The Malcolm Le Grice program lent first-hand substance to arguments that this kind of work finds a natural home in the white cube; certainly, in comparison to the black box of the theatre, the gallery space seems to more readily adapt to the aesthetic and material challenges of staging hybrid experimental work. At the IMA, Le Grice’s 40-year career was surveyed in installation, film and video screenings and performance. At the artist’s suggestion, the meta-cinematic work After Leonardo (1974) was installed in multi-screen across the smooth white interior of the gallery, allowing for a wall-to-ceiling immersion in the work’s play with film frames/video frames. The playful deconstruction of art history is a marker of the filmmaker’s modernist pedigree and, as the artist explained in his affable unscripted address to the crowd, also a way to pose questions about the relations between cinema, experimental film and painting.

As a film festival venue, the gallery space afforded critical intimacy to the audience with the projected works and the artist himself. Nowhere was this more evident than in Horror Film 1. For many in the capacity crowd, the chance to finally experience Le Grice’s legendary 1971 multi-projector film-performance, re-enacted in all its kaleidoscopic, confrontational glory, was a high point in the cinematic year. In contrast, something of the sense of critical liveness of the second expanded cinema performance, 1972’s Threshold, was lost at the conclusion of the second program the following night. This three-projector performance, at the more traditional cinematic venue, the Tribal Theatre, nonetheless provided insight into the interplay between projection processes and human vision, showing how, as Le Grice explained, “film is, at each stage, raw material for new transformation.” The program illuminated how sensitive we have all become to the specificities of space—physical, phenomenological, social and institutional—in the experience of moving image art.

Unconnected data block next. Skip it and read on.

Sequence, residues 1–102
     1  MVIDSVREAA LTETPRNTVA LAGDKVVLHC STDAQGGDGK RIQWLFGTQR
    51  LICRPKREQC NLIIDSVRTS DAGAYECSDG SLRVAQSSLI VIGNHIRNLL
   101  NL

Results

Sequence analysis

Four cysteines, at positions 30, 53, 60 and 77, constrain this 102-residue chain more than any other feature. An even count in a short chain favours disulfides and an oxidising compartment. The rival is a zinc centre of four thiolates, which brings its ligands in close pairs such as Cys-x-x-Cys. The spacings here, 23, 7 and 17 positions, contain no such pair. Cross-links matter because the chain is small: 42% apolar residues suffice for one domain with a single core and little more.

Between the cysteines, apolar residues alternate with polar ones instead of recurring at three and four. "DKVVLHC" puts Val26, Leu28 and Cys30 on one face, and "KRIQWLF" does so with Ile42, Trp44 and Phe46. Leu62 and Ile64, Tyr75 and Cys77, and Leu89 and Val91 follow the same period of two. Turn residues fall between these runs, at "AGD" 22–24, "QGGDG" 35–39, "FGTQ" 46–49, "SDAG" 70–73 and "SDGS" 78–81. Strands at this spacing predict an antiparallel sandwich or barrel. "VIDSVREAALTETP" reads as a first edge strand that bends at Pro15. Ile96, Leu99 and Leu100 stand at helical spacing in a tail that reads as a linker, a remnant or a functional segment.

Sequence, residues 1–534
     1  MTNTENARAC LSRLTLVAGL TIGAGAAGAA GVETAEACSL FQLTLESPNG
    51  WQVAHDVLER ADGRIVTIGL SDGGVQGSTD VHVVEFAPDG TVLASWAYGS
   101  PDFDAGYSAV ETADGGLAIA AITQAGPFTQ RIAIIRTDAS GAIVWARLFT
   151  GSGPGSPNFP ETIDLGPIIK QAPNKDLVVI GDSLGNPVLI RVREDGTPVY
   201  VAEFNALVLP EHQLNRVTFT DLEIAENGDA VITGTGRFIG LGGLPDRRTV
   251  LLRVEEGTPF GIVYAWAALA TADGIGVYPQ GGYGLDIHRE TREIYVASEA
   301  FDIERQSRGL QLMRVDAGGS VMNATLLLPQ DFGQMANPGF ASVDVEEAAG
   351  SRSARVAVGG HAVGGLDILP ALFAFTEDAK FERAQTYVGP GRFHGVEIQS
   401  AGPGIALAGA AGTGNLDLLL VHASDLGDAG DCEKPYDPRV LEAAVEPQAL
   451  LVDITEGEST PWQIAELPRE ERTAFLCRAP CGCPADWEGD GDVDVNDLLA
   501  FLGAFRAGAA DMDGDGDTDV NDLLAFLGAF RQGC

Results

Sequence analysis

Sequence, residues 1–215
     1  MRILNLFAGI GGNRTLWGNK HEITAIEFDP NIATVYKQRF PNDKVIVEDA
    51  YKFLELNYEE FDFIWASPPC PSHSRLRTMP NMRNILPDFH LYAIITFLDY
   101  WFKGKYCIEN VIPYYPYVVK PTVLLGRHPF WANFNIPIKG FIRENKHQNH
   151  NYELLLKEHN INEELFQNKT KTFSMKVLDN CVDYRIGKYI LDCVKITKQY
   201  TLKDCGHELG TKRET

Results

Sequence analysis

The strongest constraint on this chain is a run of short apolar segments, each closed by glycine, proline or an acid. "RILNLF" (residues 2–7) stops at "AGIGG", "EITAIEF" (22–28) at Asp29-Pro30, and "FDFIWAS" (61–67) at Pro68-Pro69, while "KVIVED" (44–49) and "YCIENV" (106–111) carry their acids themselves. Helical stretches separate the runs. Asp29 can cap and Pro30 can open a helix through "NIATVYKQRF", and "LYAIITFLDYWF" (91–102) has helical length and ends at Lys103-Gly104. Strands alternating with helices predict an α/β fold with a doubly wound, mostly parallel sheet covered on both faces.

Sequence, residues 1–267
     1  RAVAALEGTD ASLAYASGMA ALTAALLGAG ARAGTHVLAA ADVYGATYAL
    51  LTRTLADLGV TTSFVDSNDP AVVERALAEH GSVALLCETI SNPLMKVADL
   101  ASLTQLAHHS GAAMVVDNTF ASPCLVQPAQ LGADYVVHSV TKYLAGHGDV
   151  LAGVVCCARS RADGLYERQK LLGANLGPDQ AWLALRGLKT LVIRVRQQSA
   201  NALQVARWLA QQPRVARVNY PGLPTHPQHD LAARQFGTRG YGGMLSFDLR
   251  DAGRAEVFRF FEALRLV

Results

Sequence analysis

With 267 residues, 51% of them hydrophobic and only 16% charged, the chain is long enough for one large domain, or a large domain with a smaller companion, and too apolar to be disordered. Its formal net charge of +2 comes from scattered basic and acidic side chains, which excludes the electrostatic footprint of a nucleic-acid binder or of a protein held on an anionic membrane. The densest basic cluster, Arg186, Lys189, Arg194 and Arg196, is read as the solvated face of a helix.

gallery of modern art

Concomitant with the unfolding of the first new-regime BIFF program, the Gallery of Modern Art screened yet another extraordinary program. Pier Paolo Pasolini: We Are All In Danger was precisely the kind of exceptional, world-class retrospective program Brisbanites have come to expect from the programming powerhouse of Kathryn Weir and her team. As other institutions have been dismantled or reformed, the Cinémathèque has continued to amaze and exceed expectations, and is consistently rewarded with growing audiences at even the most demanding films. It is clear that the strategy of astutely curated ‘blockbuster’ seasons with the power to partly subsidise or offset the programming of contemplative films from all corners of the globe is an ideal model. Audiences are fortunate—and relieved—that the Cinémathèque, despite closure for some weeks following the flood, appears to have survived with its enthusiasm for adventurous programming undampened.

In addition to exciting imaginations with the BIFF show, IMA brought the extravagant Nollywood metacinema of photographer Pieter Hugo, and the installed audiovisual mayhem of Christian Marclay to further expand Brisbane’s moving image experience and develop the relations between visual art and screen culture. The year also saw more growth and renewal in Brisbane’s independent sector with the promising signs heralded by the newborn Brisbane Underground Film Festival and flourishing artist-run initiative scene, showing that amidst strife and cataclysm, new conditions of possibility are always emerging.

Malcolm Le Grice, The image of Time, a joint project with OtherFilm, Institute of Modern Art, New Zealand Film Archive and Screen Queensland, Brisbane Film Festival, Nov 4-14, 2010

RealTime issue #101 Feb-March 2011 pg. 35

© Otherfilm; for permission to reproduce apply to realtime@realtimearts.net

1 February 2011